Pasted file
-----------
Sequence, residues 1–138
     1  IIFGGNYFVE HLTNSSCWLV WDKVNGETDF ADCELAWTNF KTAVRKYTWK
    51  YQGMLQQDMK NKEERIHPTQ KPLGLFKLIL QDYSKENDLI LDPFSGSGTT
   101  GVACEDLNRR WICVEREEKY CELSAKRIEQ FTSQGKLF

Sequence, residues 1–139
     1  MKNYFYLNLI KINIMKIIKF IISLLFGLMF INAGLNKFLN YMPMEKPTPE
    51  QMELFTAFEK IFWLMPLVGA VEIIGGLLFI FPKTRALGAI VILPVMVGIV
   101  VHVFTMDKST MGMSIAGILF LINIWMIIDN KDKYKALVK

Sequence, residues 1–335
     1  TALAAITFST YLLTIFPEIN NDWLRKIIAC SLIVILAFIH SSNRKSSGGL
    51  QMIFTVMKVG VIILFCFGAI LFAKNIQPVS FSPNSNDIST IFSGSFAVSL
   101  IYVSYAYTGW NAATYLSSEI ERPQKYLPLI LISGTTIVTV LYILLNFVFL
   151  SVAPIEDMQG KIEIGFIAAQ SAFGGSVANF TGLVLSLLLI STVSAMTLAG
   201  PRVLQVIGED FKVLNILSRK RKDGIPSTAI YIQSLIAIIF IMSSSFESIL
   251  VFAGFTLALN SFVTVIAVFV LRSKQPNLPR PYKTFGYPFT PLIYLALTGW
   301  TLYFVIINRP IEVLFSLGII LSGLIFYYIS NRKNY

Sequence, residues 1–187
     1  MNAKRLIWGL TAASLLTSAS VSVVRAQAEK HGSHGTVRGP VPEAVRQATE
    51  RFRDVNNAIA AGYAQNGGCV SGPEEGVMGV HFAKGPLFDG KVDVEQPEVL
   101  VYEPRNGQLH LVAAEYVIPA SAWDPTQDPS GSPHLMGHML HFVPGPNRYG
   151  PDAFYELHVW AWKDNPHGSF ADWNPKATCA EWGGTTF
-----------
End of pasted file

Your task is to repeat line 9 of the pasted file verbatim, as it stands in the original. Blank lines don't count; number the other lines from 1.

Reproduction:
Sequence, residues 1–335